Gift Aid is a way that charities or Community Amateur Sports Clubs (CASCs) are able to claim back tax for donations made to them by UK taxpayers.
What is a Community Amateur Sports Club (CASC)?
A Community Amateur Sports Club or CASC is a sports club which has either applied to the Charity Commission to be granted charitable status which will entitle it to the same tax treatment as that which is available for charities or has applied to HM Revenue and Customs for the tax relief available specifically for these sports clubs.
Are all charities or CASCs eligible for Gift Aid?
To be eligible for Gift Aid a charity of CASC must register with HM Revenue and Customs.
How does the principle of Gift Aid work in practice?
When a gift or a donation is made to a charity that charity will then be able to claim back the basic tax rate on the gross equivalent. This effectively means that following the introduction of Gift Aid in April 2008 charities can claim back 20% of the amount donated meaning that for each pound donated to that charity an additional 25 pence can be reclaimed back by the charity.
Following on from this a further transitional relief is available which takes into account the fall in basic tax rate meaning that HM Revenue and Customs will pay a further three pence for each pound donated.
This effectively means that for each pound donated to a particular charity they are able to claim back a total of 28 pence from HM Revenue and Customs – a figure that will certainly make a valuable increase to donations provided to charity.
What donations will be able to have Gift Aid claimed back on them?
In order to qualify for Gift Aid the gift made to the charity must take the form or a payment of a sum of money which is not subject to a condition such as repayment made to the UK resident when the gift is made. Accordingly something like writing off a debt will not qualify for gift aid.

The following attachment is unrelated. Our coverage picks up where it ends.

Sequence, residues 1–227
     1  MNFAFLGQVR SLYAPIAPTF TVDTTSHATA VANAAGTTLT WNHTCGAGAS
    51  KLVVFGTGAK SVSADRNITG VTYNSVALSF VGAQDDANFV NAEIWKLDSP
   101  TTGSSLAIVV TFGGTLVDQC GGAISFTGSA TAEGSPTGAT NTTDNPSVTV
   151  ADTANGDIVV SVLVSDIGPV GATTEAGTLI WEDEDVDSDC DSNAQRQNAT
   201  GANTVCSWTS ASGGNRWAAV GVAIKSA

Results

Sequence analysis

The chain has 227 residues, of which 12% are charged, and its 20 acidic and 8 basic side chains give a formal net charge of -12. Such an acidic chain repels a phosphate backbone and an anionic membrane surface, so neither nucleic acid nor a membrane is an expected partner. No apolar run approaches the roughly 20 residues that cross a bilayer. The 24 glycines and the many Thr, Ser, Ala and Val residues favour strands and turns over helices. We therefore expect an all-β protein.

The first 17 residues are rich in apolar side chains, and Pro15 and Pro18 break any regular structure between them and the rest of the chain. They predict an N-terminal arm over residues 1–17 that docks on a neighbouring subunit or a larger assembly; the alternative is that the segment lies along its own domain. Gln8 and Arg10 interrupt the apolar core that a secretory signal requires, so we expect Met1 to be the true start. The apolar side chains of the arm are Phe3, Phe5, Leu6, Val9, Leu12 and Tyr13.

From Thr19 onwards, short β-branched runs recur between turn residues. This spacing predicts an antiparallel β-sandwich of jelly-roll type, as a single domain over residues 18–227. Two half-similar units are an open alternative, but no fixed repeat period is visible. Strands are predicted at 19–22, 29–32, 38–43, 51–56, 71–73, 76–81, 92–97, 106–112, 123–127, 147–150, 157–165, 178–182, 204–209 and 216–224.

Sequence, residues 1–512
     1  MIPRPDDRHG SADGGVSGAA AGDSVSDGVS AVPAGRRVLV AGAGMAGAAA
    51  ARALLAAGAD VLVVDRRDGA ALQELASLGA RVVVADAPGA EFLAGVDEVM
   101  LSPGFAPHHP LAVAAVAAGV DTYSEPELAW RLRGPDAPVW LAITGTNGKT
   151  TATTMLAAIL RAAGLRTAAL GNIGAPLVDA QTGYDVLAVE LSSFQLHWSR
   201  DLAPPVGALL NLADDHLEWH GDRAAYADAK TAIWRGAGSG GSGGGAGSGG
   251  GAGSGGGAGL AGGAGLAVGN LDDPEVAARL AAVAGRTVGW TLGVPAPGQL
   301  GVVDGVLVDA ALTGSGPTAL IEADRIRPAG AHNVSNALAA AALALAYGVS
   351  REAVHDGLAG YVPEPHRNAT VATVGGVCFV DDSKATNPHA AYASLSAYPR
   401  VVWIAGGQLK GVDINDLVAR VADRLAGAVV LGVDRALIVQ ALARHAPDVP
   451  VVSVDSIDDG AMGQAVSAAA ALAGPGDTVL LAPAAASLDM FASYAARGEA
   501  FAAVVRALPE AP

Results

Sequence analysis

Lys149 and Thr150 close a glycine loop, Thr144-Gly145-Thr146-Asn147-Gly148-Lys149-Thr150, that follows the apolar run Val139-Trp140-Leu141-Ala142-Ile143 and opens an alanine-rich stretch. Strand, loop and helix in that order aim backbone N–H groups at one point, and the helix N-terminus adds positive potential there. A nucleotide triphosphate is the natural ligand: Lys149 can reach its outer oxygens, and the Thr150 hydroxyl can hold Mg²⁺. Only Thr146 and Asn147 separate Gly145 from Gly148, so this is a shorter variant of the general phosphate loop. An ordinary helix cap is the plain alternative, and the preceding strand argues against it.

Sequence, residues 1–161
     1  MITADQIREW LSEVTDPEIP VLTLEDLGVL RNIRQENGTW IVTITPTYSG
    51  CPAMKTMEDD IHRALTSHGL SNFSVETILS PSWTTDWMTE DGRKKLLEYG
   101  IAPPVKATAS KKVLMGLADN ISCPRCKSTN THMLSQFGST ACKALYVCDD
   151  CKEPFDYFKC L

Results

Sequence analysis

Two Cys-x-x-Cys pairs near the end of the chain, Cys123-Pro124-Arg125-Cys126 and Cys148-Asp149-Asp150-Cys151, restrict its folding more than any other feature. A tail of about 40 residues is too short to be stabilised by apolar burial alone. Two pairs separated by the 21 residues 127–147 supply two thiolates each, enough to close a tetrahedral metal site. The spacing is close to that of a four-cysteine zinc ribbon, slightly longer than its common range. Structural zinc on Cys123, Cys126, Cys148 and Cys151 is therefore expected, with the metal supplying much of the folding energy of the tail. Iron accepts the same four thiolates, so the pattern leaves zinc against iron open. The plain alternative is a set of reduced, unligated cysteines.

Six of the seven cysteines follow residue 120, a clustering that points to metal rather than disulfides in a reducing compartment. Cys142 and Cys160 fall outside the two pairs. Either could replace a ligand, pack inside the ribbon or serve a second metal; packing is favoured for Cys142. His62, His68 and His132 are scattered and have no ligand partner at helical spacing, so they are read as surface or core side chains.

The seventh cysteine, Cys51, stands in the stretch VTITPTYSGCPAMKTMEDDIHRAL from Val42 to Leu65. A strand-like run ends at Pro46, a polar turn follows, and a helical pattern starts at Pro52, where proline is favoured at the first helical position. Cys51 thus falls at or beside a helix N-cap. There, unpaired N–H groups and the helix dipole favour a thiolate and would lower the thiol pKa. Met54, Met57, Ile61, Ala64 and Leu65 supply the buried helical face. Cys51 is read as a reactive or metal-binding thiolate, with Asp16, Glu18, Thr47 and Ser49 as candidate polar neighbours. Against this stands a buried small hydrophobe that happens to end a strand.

What happens if I am stopped in the street by a charity fundraiser and decide to make a monthly donation to a particular charity?
Being stopped in the street by a charity fundraiser is something that will be experienced by most people at some point in their life and is an extremely effective way for a charity to make money. Many people will decide to sign up on the spot and will pledge to make a monthly donation through a direct debit scheme. This is exactly the kind of charitable donation which will enable the charity to claim Gift Aid and may often be used as an example to illustrate just how much difference a continued donation from an individual can make.
Certain issues which Charities may not be aware of when trying to claim Gift Aid
There are however, certain issues which charities must be aware of but in certain situations are not aware of when dealing with Gift Aid; they most often fall into the following two categories:
- Gifts of assets to Charity
- Admissions to Charity Property
Gifts of Asserts to a charity
When an individual gives a gift of a particular asset to charity the charity is not able to claim Gift Aid upon the sale of the asset. However, there is a way around in which a charity can act as an agent on behalf of that person and sell the gift for them in the hope that the individual will make a donation of the proceeds back to the charity – this concept is referred to as Retail Gift Aid.
Strict Conditions for Retail Gift Aid
However, there are strict conditions to adhere to ensure that the eventual donation following the sale of a gift qualifies for gift aid. These conditions are as follows:
- That the goods remain the property of the owner until they are sold – it is a condition that it must be clear that it’s the owner who is selling the goods and not the charity of the CASC – it must be made clear that the charity is acting as an agent on behalf of the individual
- That the owner must have the right to keep all or part of the proceeds of the sale but can choose to donate all or part of the proceeds if they wish
- That the charity or CASC must contact the potential donor after the goods are sold and offer to pay them the proceeds from the sale of their goods
- The donor must make a Gift Aid declaration for any donations made
Admissions to Charity Property
Often charities who own specific property will charge an admission fee to view the property – this is often the case when individuals view property owned by the national trust.
What is meant by charity property?
Property is defined as HM Revenue and Customs as included the following:
- Land or buildings
- Works of art
- Scientific property
A standard admission price however will not attract Gift Aid as this will only apply to a voluntary gift.
What is meant by a voluntary gift?
A voluntary gift is one which is either 10% or more than the normal admission fee or one which allows admission for at least 12 months.